Most animals use sex steroids in differentiation of male and female
reproductive structures and oxytocin for the majority of the acute,
sudden events that occur at these structures. Oxytocin and vasopressin
family members are known from 4 invertebrate phyla and all groups of
vertebrates (Youson, 1999). Oxytocin and vasopressin are short peptides
composed of nine amino acids (nanopeptides) which are made in the paraventricular
and supraoptic nuclei of the hypothalamus. Vasopressin is also made
in several other regions of the brain (Debiec, 2007).Oxytocin functions
in a paracrine hormone in mammals, being produced in the hypothalamus,
pituitutary, mammary gland, ovary, uterus, testis, and prostate. The
processes regulated by oxytocin tend to utilize positive feedback mechanisms
(such as in birth, milk ejection mediated by neurons followed by recovery,
and in the deterioration of the corpus luteum (Ivell, 1999; Caldwell,
Vasopressin increases sex drive (Brizendine, 2006).
Different researchers have classified different stages of sexual pleasure and orgasm. Alternate enumeration of the stages of sexual experience include a three step model of desire, arousal, and orgasm and a 4 step model of excitement, plateau, orgasm, resolution. Many now join the plateau phase with the excitation phase and add two stages of desire, one spontaneous and a second resulting from arousal (Levin, 2007). Orgasm effects a variety of body regions such as the heart (tachycardia--up to 180 beats per minute), blood vessels (initial increase then decrease in blood pressure and the "sex flush"), lungs (hyperventilation), sweat glands, muscles (spasms, pelvic motions, shuddering), and vocalizations (Mah, 2001). During a woman's orgasm, the circumvaginal musculature contracts involuntarily but rhythmically 3-15 times (at about 0.8 second intervals) accompanied by contractions of uterine and anal muscles. Orgasms may last 3 seconds to about 2 minutes. Other physiological changes such as also occur. Consciousness may fade somewhat (Bianchi-Demicheli, 2007).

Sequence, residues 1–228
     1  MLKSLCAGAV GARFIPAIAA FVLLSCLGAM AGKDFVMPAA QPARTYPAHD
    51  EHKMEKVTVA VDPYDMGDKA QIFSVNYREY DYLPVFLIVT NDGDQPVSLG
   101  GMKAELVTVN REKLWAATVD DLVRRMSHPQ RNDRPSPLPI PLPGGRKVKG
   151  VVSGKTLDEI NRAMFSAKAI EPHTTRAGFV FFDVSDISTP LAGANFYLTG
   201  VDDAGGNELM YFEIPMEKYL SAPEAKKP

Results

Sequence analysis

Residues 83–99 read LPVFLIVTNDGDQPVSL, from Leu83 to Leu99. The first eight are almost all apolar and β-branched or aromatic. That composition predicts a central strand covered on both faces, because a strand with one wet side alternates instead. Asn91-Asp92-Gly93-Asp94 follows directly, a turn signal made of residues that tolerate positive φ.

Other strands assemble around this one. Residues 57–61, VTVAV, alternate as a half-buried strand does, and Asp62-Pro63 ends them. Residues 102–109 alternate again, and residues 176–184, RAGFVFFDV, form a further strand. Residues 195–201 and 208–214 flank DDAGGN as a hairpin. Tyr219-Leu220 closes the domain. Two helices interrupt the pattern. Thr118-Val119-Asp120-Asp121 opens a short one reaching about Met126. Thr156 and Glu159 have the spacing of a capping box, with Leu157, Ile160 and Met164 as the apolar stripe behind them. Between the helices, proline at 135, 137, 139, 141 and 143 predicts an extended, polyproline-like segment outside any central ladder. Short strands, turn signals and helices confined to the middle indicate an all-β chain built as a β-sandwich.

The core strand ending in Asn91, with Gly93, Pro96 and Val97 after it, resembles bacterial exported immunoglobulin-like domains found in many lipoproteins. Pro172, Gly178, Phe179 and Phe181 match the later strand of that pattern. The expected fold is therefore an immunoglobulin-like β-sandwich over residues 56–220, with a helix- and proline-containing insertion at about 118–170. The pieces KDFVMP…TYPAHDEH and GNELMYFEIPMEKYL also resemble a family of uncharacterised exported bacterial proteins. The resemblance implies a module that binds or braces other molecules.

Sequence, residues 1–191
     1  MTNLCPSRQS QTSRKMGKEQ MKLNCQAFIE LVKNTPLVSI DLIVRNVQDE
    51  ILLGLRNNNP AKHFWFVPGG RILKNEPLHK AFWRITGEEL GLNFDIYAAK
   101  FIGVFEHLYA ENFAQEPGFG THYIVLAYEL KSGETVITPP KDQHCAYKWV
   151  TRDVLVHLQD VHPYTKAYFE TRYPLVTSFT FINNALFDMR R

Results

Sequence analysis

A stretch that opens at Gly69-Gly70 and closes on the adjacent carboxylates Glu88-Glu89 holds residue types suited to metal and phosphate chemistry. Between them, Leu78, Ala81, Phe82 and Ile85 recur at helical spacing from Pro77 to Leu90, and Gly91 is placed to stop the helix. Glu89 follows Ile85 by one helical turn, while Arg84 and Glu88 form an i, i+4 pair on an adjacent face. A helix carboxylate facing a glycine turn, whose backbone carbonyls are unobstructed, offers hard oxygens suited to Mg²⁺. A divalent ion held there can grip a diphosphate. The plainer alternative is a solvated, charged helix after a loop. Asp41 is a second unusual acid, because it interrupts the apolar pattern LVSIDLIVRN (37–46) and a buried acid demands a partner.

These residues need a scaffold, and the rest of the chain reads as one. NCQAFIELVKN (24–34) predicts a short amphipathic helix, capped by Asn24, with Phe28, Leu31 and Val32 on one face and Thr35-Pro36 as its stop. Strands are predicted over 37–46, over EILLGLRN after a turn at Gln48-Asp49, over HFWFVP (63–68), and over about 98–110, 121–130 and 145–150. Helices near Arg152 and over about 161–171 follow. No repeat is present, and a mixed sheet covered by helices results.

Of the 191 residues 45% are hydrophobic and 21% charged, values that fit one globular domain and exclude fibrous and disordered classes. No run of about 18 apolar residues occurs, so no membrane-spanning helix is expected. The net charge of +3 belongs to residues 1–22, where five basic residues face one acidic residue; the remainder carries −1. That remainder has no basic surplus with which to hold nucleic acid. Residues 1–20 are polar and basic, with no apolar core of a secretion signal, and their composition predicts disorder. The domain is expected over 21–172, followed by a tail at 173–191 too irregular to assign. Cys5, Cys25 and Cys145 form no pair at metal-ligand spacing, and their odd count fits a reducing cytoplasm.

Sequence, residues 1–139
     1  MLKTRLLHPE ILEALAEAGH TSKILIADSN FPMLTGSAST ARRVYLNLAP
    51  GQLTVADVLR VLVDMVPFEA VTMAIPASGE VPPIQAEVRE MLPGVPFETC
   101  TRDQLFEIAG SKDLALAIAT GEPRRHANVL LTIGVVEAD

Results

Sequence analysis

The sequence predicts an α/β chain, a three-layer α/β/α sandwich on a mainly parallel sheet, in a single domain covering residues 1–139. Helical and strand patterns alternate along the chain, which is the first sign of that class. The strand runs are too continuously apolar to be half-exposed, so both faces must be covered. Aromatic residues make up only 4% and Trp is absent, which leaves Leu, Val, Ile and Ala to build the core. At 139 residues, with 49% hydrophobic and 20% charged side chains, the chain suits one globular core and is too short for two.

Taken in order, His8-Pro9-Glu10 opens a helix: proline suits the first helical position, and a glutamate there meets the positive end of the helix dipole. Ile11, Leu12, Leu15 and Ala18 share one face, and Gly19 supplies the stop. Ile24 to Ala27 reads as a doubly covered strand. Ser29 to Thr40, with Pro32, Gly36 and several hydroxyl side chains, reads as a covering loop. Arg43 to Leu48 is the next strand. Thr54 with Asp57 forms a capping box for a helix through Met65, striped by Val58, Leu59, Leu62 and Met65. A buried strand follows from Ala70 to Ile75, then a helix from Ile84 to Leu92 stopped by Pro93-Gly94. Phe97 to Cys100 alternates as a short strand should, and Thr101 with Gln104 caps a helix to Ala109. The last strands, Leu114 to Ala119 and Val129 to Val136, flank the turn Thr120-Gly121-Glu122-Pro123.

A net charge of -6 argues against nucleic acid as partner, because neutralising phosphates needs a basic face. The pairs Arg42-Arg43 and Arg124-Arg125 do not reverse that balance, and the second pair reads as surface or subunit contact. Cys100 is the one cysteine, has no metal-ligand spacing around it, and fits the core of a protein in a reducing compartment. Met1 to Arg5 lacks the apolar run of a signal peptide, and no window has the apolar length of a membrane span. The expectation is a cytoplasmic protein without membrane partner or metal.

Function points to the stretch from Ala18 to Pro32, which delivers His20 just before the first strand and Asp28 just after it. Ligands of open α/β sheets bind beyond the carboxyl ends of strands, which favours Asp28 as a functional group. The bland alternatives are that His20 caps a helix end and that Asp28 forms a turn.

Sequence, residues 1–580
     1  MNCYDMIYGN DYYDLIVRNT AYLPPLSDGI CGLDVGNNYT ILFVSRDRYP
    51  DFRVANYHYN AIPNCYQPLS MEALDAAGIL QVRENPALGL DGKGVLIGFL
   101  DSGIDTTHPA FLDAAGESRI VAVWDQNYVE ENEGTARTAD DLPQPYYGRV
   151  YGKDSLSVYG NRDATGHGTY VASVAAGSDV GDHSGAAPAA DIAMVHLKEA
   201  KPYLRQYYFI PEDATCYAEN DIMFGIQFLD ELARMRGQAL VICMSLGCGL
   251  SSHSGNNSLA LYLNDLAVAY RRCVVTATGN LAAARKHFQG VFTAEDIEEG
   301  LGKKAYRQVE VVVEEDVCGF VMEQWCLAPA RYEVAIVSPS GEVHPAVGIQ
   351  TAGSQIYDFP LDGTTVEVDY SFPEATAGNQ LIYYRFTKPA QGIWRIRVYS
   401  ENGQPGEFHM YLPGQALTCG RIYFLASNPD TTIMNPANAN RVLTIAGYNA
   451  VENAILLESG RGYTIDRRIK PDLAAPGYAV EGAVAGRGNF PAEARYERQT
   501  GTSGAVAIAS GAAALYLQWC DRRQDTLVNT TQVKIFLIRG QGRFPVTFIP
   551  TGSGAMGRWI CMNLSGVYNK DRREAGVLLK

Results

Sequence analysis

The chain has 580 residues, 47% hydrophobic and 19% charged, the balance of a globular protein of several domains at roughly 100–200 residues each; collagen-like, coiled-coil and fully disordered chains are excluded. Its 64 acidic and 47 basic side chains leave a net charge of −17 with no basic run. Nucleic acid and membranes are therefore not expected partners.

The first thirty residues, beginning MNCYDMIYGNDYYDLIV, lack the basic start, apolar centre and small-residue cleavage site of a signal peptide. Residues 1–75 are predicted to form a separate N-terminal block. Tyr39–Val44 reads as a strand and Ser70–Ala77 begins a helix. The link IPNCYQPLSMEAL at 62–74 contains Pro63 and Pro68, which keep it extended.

In men, but not women, there is a post-ejaculatory refractory time (PERT) during which time a second erection and ejaculation are impossible. Multiple orgasms are possible in young males but the incidence decreases rapidly with age (Mah, 2001; Levin, 2007).
Twin studies suggest there is a heritable basis to orgasm although
other factors such as her partner, education level, sexual experience,
body-image, mental state, and culture can also affect orgasm. For example,
a woman might easily reach orgasm with one partner but not achieve orgasm
with a second (Bianchi-Demicheli, 2007).In women, sexual function can
be affected by sociocultural and economic factors (such as sex education,
access to health care, stress associated with cultural norms, perceived
body image in light of cultural expectations, and fatigue due to work
obligations), issues relating to her sexual partner (including poor
communication, reaction to betrayal, imbalance of power in the relationship,
fear of abuse, differences in sexual drive, health problems in her partner),
psychological factors (aversion or mistrust of sexual pleasure, inhibition
because of fear of consequences), and medical factors (health disorders,
side effects of medication, pregnancy, STDs) (Ramage, 2007).